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Pressures of success can ripen chances of mental health issues Top athletes such as Pats' Gordon more vulnerable to mental health, substance abuse issues

Boston Herald - 12/21/2018

Dec. 21--Top athletes like Patriots wide receiver Josh Gordon are more vulnerable to serious mental health conditions and substance abuse issues, according to Boston-area psychologists.

The talented wide receiver announced Thursday he would be taking a step back from football to focus on his mental health -- a move that clinical psychologist Dr. Natalie Cort said should be praised.

"When I see people who take time out of their life to get care and support, I applaud them. Those are people you just want to praise and lift up," said Cort, an assistant professor of clinical psychology at William James College.

Cort said Gordon's move was "incredibly courageous" and noted that a spotlight on Gordon's mental health may help others who are struggling.

"With achievement comes pressure, you have to maintain it. People are watching you," said Cort.

Cort said individuals who have achieved a high level of success can have a difficulty reaching out for help. "There's a level of judgment," said Cort.

"It's even harder to then admit a significant vulnerability because you know you've been capable -- so just admitting you're struggling takes courage," said Cort.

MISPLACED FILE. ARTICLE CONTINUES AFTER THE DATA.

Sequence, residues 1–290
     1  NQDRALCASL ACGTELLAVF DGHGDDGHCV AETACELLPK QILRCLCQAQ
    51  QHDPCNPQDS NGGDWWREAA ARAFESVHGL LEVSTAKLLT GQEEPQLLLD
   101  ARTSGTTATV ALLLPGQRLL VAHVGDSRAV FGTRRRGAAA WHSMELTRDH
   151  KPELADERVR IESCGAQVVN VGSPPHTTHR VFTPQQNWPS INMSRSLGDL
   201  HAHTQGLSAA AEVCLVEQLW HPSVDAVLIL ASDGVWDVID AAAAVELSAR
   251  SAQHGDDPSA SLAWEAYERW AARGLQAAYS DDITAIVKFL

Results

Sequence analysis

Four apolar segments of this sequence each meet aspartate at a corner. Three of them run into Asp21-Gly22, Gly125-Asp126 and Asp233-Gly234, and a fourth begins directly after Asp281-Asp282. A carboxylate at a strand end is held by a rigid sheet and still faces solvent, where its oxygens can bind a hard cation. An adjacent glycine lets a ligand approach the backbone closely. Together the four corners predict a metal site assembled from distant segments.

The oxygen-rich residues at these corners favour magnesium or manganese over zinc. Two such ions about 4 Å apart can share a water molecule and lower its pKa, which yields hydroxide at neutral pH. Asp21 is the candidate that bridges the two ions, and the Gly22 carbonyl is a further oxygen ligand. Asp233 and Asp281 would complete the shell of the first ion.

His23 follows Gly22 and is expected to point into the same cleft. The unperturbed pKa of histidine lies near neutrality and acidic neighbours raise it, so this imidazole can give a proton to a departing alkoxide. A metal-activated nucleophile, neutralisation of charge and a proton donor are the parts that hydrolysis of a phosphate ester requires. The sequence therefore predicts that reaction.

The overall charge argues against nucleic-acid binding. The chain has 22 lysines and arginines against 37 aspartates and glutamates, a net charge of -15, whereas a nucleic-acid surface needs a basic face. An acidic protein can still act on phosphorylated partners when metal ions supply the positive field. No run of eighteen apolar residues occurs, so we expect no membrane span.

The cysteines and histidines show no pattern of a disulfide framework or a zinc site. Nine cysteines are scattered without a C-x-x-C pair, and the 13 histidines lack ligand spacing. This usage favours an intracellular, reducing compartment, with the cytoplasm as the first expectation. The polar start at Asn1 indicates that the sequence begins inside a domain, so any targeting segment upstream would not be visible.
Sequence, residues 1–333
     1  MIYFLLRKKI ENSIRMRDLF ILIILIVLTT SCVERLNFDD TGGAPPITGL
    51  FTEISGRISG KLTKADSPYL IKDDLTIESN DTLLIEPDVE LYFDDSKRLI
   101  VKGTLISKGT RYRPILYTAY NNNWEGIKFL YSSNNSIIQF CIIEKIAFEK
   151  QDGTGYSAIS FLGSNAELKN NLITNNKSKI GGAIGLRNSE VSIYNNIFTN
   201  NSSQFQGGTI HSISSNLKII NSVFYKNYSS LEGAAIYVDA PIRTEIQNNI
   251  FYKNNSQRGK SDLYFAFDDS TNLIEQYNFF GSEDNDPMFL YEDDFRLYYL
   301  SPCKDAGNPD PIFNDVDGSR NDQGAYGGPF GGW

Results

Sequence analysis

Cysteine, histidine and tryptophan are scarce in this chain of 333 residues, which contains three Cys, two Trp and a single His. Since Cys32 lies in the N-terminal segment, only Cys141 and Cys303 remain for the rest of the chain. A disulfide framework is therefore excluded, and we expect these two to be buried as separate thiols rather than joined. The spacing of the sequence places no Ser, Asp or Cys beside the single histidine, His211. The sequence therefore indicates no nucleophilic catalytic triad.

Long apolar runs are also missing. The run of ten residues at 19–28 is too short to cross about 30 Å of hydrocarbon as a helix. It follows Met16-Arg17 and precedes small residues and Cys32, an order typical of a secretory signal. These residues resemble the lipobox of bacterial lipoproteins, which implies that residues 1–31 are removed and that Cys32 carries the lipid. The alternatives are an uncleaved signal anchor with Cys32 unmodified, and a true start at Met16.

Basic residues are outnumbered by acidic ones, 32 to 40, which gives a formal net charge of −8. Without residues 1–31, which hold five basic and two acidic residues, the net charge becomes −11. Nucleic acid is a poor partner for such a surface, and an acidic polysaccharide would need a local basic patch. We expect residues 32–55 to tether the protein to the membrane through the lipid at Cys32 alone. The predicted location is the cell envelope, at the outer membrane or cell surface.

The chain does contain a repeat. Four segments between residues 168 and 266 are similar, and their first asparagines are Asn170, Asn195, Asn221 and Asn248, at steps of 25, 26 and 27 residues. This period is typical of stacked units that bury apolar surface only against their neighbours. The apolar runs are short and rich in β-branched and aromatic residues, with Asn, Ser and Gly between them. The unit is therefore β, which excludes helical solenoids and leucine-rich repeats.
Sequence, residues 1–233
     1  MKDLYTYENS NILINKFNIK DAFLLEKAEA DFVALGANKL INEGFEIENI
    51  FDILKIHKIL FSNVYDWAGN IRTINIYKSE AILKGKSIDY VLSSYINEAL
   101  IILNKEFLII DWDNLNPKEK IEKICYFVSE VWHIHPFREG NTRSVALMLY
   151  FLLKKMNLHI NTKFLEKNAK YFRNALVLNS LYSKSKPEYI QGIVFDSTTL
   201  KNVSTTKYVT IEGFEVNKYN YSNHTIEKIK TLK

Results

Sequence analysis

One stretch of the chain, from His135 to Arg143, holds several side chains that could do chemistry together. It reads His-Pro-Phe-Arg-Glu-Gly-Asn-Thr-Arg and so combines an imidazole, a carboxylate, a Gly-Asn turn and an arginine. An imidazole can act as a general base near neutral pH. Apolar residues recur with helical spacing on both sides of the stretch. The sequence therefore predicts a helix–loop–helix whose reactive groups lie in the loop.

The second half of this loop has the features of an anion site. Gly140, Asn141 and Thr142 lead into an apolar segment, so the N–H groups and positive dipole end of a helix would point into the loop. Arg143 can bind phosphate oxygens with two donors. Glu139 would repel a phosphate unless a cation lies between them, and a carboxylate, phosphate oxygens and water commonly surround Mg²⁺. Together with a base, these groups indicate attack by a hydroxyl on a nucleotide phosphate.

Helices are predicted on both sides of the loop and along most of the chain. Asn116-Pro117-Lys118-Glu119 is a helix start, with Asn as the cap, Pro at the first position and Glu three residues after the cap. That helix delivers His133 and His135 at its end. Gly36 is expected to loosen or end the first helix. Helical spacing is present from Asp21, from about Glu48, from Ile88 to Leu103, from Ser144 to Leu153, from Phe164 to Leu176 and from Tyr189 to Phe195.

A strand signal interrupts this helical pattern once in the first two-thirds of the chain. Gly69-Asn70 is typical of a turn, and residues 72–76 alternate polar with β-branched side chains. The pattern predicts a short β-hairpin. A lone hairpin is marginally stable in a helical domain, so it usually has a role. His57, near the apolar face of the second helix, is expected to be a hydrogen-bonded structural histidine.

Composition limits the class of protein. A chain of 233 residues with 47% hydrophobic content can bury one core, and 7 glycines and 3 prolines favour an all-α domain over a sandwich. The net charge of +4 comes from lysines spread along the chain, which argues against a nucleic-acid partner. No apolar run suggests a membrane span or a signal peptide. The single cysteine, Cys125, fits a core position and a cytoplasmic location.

According to the NFL Player's Association, a variety of mental health resources are available to players including counseling and screening for anxiety, insomnia, trauma and depression along with other wellness resources for stress and performance management.

Gordon has a long history of substance abuse, admitting in a 2017 interview with GQ that he started abusing drugs in seventh grade. Dr. Craig Murphy, an associate professor in the school of psychology at William James College, said Patriots fans claiming Gordon has shown "wasted potential" are "callous."

"Players are more apt to turn to substances than many other people ... they have a lot more pressure and a lot more eyes on them," said Murphy. "Mental illness is simply not a lack of motivation."

Murphy said Gordon's decision can be used to remind others that sports can be a cause of stress at a young age.

"We should be using all these examples to remind ourselves to look at kids and look at how we are supporting athletes at young ages," said Murphy.

In a recent mental health symposium hosted by the NFLPA called "Beyond the Physical: A Symposium on Mental Health in Sports," the association encouraged players to get the help they need.

The symposium, hosted in May, highlighted the availability of eight free therapy sessions offered to players, an "NFL Lifeline" with access to a team clinician and a "Your Mind, Your Body, Your Health" campaign to raise awareness about mental health conditions.

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